Our advice for crafting the best email subject lines
At Emma, we’re marketers, too.
So when it comes to your day-to-day marketing challenges (like writing email subject lines
), we get it. There’s nothing more frustrating than working long and hard on an email, only to get abysmal open rates because the subject line didn’t hit the right note with your subscribers.
It’s a ton of pressure, and it can give the best of us a nasty case of subject line writer's block. Plus, since every audience is different, you can’t just rip off someone else’s idea and expect it to work for your brand. So here are five quick, actionable tips for when you get stuck on your subject line.
1. Use character count to stand out.
Take a look at your own inbox and see which subject lines draw your eye. Many marketers aim for 40-50 characters in an email subject line, so chances are, the ones with character counts that fall either above or below that range will stick out most.
"For clients, I’ve written insanely long subject lines that push right to the end where the tool won’t let you add any more characters. And that’s purely so that it looks different in an inbox.
Of course, you’ll want to front load the really long ones. You don’t want your subscribers to have to read the whole thing to care, front load it with the most interesting stuff in order to do the job of getting noticed while not having to read the whole thing."
At Emma, since a good portion of our audience opens on mobile, we tend to gravitate toward shorter subject lines. iPhones cut off subject lines around 35 characters
, so keeping it brief ensures our recipients get the full message and can quickly digest what we're trying to say.
2. Tell them what they’ll get (and make it valuable).
This one’s a bit of a no-brainer, but you’d be surprised how few brands consider it when writing their subject lines. They get so caught up thinking of great puns and picking out emojis that they forget the point of a subject line: To tell their recipient what’s inside their email.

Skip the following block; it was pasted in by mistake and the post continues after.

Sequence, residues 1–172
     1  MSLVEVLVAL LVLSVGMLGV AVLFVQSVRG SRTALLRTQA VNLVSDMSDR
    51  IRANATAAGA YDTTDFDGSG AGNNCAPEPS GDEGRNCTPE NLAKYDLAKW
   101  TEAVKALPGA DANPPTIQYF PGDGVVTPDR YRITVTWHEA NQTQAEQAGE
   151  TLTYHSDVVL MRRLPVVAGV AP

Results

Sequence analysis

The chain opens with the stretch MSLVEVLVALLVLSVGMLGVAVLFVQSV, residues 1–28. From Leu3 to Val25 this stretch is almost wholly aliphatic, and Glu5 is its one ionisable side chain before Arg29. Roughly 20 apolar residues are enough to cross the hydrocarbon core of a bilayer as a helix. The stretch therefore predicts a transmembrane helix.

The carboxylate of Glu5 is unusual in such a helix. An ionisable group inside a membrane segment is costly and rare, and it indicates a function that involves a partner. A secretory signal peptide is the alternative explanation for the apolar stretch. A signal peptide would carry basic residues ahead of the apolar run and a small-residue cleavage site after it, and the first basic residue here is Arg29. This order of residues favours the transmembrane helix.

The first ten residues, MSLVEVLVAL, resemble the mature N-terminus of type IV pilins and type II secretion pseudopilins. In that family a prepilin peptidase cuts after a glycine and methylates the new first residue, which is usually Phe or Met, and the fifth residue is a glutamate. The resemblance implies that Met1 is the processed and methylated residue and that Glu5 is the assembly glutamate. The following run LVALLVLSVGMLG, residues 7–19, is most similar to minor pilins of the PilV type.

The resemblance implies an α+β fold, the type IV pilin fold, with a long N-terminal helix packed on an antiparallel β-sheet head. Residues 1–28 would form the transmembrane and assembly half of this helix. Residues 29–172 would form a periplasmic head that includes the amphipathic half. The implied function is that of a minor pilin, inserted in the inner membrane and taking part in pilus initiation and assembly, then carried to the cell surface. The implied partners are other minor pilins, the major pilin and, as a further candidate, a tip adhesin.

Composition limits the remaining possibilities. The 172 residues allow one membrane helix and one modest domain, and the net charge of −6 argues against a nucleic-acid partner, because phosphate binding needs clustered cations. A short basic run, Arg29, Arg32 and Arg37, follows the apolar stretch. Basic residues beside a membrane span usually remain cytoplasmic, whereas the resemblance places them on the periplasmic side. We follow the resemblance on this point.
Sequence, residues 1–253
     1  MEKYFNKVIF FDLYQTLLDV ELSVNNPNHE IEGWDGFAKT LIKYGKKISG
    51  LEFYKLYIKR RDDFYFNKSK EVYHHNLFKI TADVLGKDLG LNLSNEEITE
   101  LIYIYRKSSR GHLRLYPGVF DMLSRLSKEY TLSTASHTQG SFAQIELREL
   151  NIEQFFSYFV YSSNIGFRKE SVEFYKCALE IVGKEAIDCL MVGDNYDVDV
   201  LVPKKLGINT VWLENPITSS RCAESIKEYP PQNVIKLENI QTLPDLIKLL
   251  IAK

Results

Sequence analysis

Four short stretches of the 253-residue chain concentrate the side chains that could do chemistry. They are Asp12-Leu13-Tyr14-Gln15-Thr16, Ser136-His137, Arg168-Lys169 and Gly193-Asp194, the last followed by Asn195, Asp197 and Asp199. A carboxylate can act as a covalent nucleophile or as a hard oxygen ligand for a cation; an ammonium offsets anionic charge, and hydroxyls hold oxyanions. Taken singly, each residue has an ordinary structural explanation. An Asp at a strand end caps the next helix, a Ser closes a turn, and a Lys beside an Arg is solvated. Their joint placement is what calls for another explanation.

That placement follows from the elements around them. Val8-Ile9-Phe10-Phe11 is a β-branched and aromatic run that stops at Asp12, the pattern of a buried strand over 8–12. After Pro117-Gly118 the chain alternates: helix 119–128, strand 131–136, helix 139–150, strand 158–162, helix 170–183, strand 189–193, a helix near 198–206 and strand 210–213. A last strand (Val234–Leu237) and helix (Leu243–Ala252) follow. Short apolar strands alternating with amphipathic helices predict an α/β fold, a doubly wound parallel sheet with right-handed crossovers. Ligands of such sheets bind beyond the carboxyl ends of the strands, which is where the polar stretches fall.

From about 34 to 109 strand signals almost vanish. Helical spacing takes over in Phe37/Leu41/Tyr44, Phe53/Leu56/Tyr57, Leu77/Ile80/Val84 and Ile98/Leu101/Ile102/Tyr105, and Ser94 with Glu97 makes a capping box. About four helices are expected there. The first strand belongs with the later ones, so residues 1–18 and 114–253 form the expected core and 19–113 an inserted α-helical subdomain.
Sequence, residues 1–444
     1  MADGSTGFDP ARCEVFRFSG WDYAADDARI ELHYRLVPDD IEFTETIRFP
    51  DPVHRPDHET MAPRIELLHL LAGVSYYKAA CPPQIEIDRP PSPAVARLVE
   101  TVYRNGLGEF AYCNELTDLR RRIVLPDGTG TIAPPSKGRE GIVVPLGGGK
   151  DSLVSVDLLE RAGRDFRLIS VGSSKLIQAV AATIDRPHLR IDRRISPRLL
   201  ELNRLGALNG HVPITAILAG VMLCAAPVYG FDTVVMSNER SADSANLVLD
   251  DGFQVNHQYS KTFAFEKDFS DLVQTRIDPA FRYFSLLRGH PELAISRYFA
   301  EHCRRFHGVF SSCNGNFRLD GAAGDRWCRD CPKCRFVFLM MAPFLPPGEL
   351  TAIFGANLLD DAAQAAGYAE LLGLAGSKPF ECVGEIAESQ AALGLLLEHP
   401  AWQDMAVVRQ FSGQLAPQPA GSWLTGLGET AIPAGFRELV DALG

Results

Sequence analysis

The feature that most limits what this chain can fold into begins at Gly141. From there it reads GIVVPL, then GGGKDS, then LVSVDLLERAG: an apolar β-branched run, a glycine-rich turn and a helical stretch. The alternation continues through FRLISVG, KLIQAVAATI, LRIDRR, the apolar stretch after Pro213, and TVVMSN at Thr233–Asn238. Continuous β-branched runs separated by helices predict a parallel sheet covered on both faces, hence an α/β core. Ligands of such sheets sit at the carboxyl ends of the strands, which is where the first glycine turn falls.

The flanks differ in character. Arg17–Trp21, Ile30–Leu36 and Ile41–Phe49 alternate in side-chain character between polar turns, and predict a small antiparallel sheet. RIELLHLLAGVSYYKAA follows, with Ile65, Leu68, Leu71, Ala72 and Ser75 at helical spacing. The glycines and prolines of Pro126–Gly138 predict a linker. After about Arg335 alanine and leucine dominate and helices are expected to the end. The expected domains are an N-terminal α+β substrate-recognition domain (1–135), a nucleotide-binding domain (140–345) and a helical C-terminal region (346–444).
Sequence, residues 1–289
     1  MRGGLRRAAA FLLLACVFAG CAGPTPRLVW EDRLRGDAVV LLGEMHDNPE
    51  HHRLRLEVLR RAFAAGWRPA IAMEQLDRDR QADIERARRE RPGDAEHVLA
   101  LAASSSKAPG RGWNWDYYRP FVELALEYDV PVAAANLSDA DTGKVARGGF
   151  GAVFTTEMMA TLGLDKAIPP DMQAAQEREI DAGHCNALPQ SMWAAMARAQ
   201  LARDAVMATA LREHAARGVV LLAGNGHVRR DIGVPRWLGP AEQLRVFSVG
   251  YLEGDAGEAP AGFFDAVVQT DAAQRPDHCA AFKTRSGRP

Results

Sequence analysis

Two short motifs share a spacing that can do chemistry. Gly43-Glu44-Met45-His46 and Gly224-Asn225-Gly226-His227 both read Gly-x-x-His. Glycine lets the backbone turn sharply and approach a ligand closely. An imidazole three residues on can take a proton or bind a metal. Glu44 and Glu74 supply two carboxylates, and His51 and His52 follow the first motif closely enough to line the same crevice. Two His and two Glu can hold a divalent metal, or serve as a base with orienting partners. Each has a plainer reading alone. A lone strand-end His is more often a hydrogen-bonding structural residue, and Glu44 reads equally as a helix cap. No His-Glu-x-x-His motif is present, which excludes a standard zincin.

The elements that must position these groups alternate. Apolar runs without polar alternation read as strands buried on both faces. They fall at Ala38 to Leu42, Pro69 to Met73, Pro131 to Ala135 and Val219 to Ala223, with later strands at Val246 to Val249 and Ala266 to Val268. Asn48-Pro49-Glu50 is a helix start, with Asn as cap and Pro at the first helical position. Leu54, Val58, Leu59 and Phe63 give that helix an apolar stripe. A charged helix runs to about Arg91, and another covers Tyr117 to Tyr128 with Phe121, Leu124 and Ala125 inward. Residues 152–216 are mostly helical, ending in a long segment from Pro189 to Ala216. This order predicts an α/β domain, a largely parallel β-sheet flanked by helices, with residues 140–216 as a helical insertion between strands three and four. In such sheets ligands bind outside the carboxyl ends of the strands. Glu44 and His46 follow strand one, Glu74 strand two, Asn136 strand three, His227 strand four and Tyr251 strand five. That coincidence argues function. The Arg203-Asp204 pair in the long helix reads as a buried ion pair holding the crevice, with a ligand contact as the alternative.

That doesn’t mean you can’t jazz things up with humor or compelling language, but make sure that above all, you:
1. Explain the actual contents of your email.
2. Demonstrate the value a person will get when they open.
And hey – if you do want to use an emoji, just be sure it makes sense for the message you're trying to get across.
3. Consider your preheader text.
An invaluable (but often overlooked) piece of inbox real estate, your preheader text can actually be what make or breaks the success of your subject line. Case in point: If you’ve worked in email marketing for a while, you’ve probably seen disaster stories about preheader text gone wrong:
Scott Stratten of UnMarketing calling out a brand on Twitter
Mistakes like that are cringe-worthy, for sure, but they also showcase a valuable lesson: People pay attention to your preheader text, so be intentional about how you use that space. Not only will it help you avoid catastrophe, you can use it to amplify and enhance your subject line. More characters to work with means more opportunity to compel your subscribers to open, and according to a survey by Litmus and Fluent
, 25% of your audience will use your preheader text specifically to make that decision.
• Apple Mail allows 140 characters for preheader text, but Outlook for Mac only displays 35-55, depending on which version you're using.
• The iPhone 6 Plus Mail app displays three lines of preheader text. Use them!
4. Be yourself.
Best practices are a great starting point, but ultimately, you know your audience better than anyone. If you aren't sure whether or not you should use an emoji, or if you think you should pull a Chubbies and throw email marketing best practices
to the wind, simply think about your brand and what you already know about your subscribers.
Chubbies knows their brand and owns it, even though their choices often defy conventional wisdom.
If you work for a retailer with a conversational brand voice, your audience might appreciate a punny subject line. If you work for a funeral home or doctor's office, probably not.
Which brings us to…
5. Test, test, and test again.
You can make assumptions about your audience all day long, but you’ll never truly know exactly what your audience likes (and what they'll open) if you don’t test.
Testing can be a ton of fun, so don't be afraid to get bold and try something new. If it's a clear miss, the majority of your audience won't even see it, which means minimal risk for a great reward – new data to boost the success of your email marketing.
Have any of your own subject line tips to share? Sound off in the comments!
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